Franken goes to Supreme Court; voters sue over rejected ballots The dispute over Minnesota's U.S. Senate race has expanded. A group of 64 voters filed suit in the Minnesota Supreme Court to have their votes counted. Meanwhile, Democrat Al Franken asked the court to order the governor and the Secretary of State to sign an election certificate declaring Franken the winner over Republican Norm Coleman.5:20 p.m.
In Bush's Wake, A New Political Landscape
In a few days, George W. Bush's presidency will come to a close. He leaves the political landscape considerably altered in his wake: The path to the White House is now a grass-roots one, and a once-strong GOP coalition is now shattered.
CEO: GM Can Be Competitive Amid Restructuring
At the auto show in Detroit this week, CEO Rick Wagoner tells NPR that General Motors plans to scale back its brands and models, but it will continue to invest in electric cars. "I actually feel confident that GM is going to be very well positioned to compete in the future," he says.
Clinton Calls For Smart Power
The Senate Foreign Relations committee has heard from Hillary Clinton, who has been picked to be the next secretary of State. The committee chairman, Massachusetts Democrat John Kerry, promised a "fair and expeditious confirmation process."
Other Obama Picks Appear At Hearings
Many other confirmation hearings took place on Capitol Hill Tuesday. Peter Orszag, President-elect Barack Obama's pick for director of the White House Office of Management and Budget; Shaun Donovan, his pick for secretary of Housing and Urban Development; Arne Duncan, his pick for Education Secretary; and Steven Chu, his pick for Energy Secretary, all appeared on Capitol Hill.
Robinson 'Delighted' To Be Part Of Inauguration
The first openly gay Episcopal bishop, Gene Robinson, has been chosen to deliver the invocation at Barack Obama's kickoff inaugural event Sunday. Robinson says he doesn't think Obama picked him to balance the selection of evangelical pastor Rick Warren, who angered gay-rights supporters with his support of the ballot measure that banned same-sex marriage in California.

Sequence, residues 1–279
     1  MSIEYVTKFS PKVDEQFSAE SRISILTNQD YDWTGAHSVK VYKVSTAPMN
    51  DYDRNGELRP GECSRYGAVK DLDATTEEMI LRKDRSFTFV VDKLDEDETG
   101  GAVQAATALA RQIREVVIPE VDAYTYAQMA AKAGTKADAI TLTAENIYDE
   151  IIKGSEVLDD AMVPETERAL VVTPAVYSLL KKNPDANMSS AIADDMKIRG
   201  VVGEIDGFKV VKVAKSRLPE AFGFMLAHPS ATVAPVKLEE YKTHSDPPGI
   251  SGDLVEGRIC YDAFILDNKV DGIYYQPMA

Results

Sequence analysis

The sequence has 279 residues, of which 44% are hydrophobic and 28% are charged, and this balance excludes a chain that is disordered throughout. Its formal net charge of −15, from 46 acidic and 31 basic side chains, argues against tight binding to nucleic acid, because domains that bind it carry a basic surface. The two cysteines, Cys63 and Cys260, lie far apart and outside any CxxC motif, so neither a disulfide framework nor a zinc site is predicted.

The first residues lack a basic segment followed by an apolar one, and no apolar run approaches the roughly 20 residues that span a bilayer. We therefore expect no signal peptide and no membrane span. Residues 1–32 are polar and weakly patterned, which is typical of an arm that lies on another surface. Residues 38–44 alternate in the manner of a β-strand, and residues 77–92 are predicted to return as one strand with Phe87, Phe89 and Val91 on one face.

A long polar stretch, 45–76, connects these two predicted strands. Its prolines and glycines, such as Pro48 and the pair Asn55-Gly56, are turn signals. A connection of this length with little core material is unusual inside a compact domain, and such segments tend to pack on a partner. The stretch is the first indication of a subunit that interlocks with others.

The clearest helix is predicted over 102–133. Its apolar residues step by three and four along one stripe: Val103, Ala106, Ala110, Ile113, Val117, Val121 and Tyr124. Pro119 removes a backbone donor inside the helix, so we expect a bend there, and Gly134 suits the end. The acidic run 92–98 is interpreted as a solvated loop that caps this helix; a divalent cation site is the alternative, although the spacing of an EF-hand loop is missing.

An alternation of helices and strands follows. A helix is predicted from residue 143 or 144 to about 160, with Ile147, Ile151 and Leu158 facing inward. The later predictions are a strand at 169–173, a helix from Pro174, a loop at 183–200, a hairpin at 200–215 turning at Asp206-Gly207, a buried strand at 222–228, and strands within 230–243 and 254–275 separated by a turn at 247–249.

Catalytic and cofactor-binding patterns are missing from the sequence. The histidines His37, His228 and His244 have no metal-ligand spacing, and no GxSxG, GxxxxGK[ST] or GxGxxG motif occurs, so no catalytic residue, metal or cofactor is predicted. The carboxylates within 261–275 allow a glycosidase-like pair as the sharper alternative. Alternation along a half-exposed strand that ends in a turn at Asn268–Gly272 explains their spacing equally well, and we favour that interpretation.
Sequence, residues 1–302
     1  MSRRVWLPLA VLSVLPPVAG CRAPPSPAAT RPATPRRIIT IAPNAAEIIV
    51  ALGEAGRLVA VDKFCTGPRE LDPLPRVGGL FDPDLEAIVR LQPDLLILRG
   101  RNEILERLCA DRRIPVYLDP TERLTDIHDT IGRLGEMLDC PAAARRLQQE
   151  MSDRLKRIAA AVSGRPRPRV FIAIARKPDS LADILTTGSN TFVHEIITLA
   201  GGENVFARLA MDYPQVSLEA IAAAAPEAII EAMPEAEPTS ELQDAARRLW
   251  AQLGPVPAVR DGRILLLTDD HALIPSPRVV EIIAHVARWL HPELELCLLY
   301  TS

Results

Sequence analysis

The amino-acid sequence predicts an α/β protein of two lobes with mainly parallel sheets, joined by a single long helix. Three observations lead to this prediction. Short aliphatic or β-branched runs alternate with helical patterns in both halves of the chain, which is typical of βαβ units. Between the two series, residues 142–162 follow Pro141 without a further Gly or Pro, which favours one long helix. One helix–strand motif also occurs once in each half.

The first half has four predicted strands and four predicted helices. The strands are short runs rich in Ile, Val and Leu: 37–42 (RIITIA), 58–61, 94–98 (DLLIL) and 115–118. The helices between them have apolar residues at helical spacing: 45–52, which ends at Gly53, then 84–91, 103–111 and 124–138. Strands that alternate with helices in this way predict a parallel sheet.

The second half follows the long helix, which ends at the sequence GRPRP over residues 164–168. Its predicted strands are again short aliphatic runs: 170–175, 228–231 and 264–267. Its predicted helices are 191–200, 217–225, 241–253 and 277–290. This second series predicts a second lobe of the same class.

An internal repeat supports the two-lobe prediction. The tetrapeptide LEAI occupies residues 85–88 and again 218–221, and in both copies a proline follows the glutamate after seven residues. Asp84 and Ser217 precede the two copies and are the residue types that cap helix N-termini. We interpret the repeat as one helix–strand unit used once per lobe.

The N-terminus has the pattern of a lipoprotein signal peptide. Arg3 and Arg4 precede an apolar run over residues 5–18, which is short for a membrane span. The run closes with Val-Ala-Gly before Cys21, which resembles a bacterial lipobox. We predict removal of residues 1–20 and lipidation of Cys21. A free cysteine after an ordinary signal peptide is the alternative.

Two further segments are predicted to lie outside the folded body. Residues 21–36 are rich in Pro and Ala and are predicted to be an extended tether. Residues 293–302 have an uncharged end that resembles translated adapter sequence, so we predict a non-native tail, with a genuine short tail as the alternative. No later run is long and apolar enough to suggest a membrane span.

In Hard Times, Ford Seeks To Win Back Car Buyers
The Ford Motor Co. has not taken bailout money from the federal government, but it's struggling to stay out of debt. Mark Fields, Ford's president of the Americas, says his company can't be satisfied with being as good as its Japanese counterparts: It has to be better.
Letters: Auto Show
Listeners' respond to the coverage of the auto show in Detroit. Melissa Block and Michele Norris read from listeners' e-mails.
Report: Justice Official Made Politically Biased Hires
A Justice Department investigation found that a powerful manager who worked in the Civil Rights Division during the Bush administration illegally hired attorneys based on partisan credentials and then lied about his actions to Congress.
Where Do Detainees Go When Guantanamo Closes?
President-elect Barack Obama has reiterated his commitment to close the detention facility at Guantanamo Bay, Cuba. Scott Silliman, a law professor at Duke University, says closing the facility may be more complicated than expected.